A Wyoming kid transplanted to America's Dairyland. I miss the mountains. I love real winter and snow; it's so clean, clear, and everything I'm allergic to is dead. By day I crunch numbers for research, by night I write or paint or play games or other fun stuff as time allows. 
My G+ goal: to share a few really good things every day --> Low volume but high signal. I tend to follow those who do the same.

In my spare time (ha!) I write blogs about the mathematics of games (Giant Battling Robots) and (sometimes) funny sciency-politicsy-stuff (Dread Tomato Addiction). I am Righteously Agnostic and a Skeptical Humanist.

Some of my circles. Interact to be added.
Game Design
Free Thinkers
Mad Science! (Science, heavy on math and stats)
Jazz Music 
Persons of Interest (if I don't know where else to put you)


The views expressed on G+, my blogs, comments, or lunatic raving anywhere are entirely fictional, and are not intended to represent the views of any employer or person, living, living-dead, mostly-dead all day, or dead-dead. Any resemblance to reality is not my responsibility.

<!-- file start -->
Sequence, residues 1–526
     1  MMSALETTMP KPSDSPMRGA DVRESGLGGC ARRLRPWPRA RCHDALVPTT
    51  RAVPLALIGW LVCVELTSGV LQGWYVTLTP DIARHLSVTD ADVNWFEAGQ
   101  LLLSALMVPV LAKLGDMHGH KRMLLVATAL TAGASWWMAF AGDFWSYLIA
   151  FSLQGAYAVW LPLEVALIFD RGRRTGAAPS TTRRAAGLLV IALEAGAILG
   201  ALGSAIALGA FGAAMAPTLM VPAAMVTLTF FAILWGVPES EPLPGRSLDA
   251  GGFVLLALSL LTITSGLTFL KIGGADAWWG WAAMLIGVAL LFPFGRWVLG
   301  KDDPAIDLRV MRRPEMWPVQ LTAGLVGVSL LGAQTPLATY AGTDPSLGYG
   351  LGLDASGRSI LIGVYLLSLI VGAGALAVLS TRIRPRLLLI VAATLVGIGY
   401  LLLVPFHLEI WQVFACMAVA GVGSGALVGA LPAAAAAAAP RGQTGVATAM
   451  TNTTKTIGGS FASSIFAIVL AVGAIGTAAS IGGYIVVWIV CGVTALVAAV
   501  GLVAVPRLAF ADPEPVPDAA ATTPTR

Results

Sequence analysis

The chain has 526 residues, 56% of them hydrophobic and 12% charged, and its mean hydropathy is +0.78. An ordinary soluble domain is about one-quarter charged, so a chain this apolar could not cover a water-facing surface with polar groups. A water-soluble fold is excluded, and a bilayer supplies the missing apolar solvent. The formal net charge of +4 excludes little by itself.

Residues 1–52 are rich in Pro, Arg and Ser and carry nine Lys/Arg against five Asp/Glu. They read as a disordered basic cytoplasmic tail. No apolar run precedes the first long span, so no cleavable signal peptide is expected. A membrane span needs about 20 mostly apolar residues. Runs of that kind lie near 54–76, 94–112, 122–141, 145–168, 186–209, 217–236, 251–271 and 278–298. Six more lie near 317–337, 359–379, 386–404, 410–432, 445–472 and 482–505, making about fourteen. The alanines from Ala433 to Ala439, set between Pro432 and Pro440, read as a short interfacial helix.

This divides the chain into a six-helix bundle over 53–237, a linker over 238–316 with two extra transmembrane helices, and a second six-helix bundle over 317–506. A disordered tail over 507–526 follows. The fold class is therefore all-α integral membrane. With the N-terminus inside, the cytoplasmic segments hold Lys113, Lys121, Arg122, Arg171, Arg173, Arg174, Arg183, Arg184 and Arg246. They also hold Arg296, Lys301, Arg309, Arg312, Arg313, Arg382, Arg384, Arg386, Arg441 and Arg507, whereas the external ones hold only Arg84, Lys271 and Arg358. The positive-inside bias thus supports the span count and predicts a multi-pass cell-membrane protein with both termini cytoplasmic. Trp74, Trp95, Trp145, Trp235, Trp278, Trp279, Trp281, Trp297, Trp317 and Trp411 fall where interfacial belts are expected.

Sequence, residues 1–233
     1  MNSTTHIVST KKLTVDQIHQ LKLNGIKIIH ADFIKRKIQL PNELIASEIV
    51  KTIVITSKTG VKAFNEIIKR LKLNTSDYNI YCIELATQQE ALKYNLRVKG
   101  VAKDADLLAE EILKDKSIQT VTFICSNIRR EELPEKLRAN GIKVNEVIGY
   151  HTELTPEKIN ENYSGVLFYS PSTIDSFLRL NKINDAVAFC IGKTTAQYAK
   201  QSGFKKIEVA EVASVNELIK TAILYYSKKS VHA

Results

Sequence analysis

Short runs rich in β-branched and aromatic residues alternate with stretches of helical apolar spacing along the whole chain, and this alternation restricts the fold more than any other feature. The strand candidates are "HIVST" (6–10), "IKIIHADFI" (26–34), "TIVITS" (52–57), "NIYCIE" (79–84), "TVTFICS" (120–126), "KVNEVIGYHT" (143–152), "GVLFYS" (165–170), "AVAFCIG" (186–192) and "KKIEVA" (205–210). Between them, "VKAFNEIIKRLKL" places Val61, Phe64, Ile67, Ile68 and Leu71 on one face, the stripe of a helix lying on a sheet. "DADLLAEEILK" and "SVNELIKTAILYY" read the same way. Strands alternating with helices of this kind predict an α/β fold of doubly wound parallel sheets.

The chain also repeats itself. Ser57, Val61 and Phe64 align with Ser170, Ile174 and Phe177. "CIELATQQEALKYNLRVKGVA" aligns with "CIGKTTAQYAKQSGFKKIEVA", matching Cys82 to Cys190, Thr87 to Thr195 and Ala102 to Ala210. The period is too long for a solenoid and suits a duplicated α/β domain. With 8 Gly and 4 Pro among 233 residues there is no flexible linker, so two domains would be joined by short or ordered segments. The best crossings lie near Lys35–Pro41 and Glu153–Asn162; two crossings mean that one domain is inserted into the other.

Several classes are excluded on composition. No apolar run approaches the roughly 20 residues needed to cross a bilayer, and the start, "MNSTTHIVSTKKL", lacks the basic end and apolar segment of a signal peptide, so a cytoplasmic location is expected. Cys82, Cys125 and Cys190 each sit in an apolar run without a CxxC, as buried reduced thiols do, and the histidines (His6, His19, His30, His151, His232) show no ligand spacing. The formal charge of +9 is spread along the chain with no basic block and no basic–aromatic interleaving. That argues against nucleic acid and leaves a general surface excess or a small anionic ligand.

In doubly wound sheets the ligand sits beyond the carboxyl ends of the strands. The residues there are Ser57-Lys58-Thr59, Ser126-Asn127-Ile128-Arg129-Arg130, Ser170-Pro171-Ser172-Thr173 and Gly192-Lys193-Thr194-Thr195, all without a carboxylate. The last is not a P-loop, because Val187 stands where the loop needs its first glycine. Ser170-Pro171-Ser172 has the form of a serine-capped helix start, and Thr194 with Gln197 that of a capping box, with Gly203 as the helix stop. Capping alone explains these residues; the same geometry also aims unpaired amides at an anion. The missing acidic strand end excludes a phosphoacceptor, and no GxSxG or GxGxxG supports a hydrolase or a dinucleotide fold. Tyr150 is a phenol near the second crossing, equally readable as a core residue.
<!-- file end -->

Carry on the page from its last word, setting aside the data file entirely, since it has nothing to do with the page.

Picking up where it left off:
Bragging rights
Husband, father, games hobbyist, gardener, bicyclist, skier, blogger, miniature painter, omelette-chef, Monty Python pundit, protist partisan, nonphilatelist. My Dad co-invented MULTICS scripts. My Erdős-Eastwood number is 4+2i*Pi
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SAS programming, statistical design and analysis, putting things on top of other things.
  • Medical College of Wisconsin
    Biostatistician, 1999 - present
Dan Eastwood's +1's are the things they like, agree with, or want to recommend.
Reviewing Results-Free Manuscripts

An open-access journal is trialing a peer-review process in which reviewers do not have access to the results or discussion sections of subm